Network picks up one-hour crime drama

Fox has given a pilot order to a one-hour procedural drama from scribe Sam Baum that’s also partly inspired by one of Brian Grazer’s interests.

Untitled procedural centers on a former law enforcer with the uncanny ability to read people to determine if they’re lying. He pairs up with a female clinical psychologist to open up an agency and put his skill to work.

Twentieth Century Fox TV and Grazer’s Imagine TV are behind the project, which has been picked up with a substantial penalty by the network.

According to Imagine TV prexy David Nevins, Grazer has been interested in the science of facial recognition and deception detection for some time. Independently, Baum had been studying the question of how and why people lie.

“This is something we’ve been talking about doing for two or three years, but it wasn’t until Sam Baum came in with a very specific character take that it was clear to us how to do the show,” Nevins said.

Baum said he first grew interested in the topic after reading a study that said Americans tell lies in 32% of daily interactions. That led him to learn more about so-called human lie detectors.

“The real pioneers of the field in deception detection go through their life knowing when people are lying to them or holding back emotion,” Baum said. “It’s got to be a huge blessing and a terrible curse — and I was very interested in what that could do to someone’s life.”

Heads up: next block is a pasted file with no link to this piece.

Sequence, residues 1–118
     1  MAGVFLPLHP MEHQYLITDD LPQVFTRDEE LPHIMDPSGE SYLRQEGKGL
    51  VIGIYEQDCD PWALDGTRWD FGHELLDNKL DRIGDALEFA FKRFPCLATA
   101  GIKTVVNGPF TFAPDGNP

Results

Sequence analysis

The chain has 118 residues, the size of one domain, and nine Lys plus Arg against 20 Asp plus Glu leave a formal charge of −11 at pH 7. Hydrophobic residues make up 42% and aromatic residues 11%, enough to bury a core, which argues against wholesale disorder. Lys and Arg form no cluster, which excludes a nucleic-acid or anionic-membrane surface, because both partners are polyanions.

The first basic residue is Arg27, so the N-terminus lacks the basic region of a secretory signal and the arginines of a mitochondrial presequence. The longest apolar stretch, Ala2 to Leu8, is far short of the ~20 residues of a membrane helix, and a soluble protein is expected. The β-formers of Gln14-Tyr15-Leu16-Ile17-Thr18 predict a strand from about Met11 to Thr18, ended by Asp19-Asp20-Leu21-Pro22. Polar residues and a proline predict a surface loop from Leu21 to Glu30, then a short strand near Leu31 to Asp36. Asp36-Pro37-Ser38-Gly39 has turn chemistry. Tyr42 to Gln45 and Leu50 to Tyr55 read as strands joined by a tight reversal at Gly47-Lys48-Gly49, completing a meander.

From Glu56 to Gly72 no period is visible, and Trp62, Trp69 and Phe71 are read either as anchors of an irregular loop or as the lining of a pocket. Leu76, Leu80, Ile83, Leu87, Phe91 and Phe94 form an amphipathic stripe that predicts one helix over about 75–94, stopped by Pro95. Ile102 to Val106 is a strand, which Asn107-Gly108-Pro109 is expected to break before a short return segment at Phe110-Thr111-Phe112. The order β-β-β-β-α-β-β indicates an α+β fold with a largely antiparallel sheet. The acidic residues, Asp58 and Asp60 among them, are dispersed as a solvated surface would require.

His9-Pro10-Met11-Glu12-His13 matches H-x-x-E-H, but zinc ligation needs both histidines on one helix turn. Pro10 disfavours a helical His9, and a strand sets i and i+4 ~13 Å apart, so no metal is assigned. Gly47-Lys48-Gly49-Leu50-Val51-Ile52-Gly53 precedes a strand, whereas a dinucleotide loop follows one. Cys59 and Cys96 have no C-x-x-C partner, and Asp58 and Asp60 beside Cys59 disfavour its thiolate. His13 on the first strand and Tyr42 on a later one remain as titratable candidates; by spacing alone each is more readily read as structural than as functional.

Imagine eventually caught wind of Baum’s interest via his agent; the project was set up inside Imagine soon thereafter. Grazer even took part in the pitch meetings.

Other nets showed interest, but Fox Entertainment chairman Peter Liguori and prexy Kevin Reilly, who have been aggressively pursuing projects this fall, made a preemptive bid and ultimately landed the hourlong.

“It seems like this one really connected with Reilly and Liguori,” Nevins said.

Baum, whose credits include creating ABC drama “The Evidence,” will write and exec produce the pilot; Grazer and Nevins will also exec produce.

Unlike most modern procedurals, the Baum project won’t focus only on crime. Baum is looking to also do character-driven stories, such as one about a wealthy man who hires the agency to figure out whether his fiancee is telling the truth or is just interested in his money.

“It’s a process of not only finding out whether someone is lying, but what they’re lying about,” said Baum.

Production is set to start on the pilot soon after the new year. It’s been a big year for Grazer passion projects in development; Fox gave a thumb’s up this summer to “The FBI,” another Imagine project based on one of Grazer’s fascinations.

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